Recession ended in 2009, but many still feel the effects

by Shannon Harris on September 22, 2010

Although it might not feel like it for many Americans still struggling to make ends meet, a new report released this week indicates that the recession is over and has been since June of last year.

That's the assessment of the Business Cycle Dating Committee of the National Bureau of Economic Research, which found that the recession lasted 18 months (beginning in December 2007 and ending June 2009) making it the longest period of recession on record.

The group was quick to point out that their statement does not mean economic situations have improved on a steady basis. Instead, it says June 2009 began the start of a "rising phase
of the business cycle," and said economic activity could remain low throughout the phase.

If the economy starts to fall continuously once again, the NBER said this would be classified as a new recession rather than a continuation of the one that began at the end of 2007.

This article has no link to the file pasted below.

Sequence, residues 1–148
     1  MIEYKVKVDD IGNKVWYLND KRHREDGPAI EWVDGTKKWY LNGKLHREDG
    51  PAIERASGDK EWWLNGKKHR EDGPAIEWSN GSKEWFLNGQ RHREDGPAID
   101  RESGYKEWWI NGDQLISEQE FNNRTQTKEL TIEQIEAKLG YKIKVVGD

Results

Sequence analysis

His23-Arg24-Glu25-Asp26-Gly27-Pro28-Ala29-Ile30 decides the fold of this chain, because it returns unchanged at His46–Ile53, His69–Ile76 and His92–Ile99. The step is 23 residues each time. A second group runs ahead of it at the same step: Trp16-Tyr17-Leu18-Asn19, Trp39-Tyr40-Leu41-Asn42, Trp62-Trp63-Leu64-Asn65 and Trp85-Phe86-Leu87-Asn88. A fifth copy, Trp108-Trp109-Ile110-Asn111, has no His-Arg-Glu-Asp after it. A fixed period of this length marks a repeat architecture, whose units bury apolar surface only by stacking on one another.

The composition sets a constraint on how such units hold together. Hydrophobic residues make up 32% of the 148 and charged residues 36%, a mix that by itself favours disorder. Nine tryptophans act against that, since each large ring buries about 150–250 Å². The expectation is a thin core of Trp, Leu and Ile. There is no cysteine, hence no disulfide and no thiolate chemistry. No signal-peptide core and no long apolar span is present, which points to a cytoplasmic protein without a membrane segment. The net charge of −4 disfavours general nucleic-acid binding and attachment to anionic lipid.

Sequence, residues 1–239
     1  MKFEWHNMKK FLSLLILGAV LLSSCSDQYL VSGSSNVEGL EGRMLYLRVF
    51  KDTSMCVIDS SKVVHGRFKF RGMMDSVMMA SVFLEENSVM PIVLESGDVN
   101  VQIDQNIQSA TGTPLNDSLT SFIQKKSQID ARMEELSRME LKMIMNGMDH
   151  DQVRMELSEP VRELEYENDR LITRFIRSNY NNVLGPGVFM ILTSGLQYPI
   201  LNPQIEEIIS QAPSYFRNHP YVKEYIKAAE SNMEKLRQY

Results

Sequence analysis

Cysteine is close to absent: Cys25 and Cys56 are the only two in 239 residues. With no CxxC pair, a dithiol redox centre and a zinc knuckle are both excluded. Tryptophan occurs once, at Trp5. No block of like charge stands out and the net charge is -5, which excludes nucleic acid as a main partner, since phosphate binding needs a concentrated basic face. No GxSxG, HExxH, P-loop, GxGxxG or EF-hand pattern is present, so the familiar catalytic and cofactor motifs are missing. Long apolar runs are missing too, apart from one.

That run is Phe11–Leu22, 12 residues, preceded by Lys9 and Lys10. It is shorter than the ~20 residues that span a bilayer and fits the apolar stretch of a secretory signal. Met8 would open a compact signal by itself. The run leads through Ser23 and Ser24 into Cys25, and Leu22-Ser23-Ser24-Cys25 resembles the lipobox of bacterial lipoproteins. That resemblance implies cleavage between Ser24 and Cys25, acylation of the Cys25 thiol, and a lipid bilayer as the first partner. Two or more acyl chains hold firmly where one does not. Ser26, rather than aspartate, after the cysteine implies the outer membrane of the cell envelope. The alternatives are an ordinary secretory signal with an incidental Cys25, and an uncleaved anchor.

President Barack Obama was hesitant to paint a rosey picture of the economy, despite the news from the NEBR.

"Even though economists may say that the recession officially ended last year, for the millions of people who are still out of work, people who've seen their home values decline, people who are struggling to pay the bills day to day, it's still very real for them," he said at a townhall event at Washington D.C.'s Newseum hosted by CNBC.

Martin Feldstein, a Harvard University economic professor and member of the NBER, echoed Obama's statements in an interview with Bloomberg Televsion's InBusiness with Margaret Brennan. In it he said the economy was currently in a "holding pattern" and said there is a 30 percent chance the economy will fall back into a recession.

Even if the recession has been over for more than a year, the effects are sure to be long lived.

A report earlier this month from the U.S. Census Bureau stated that the poverty rate in the country rose to 14.3 percent in 2009, an increase from 13.2 percent the year prior. At the same time, the number of people without health insurance grew from 46.3 million in 2008 to 50.7 million last year. This means 16.7 percent of the population lives without health coverage.

Previous post:

Next post: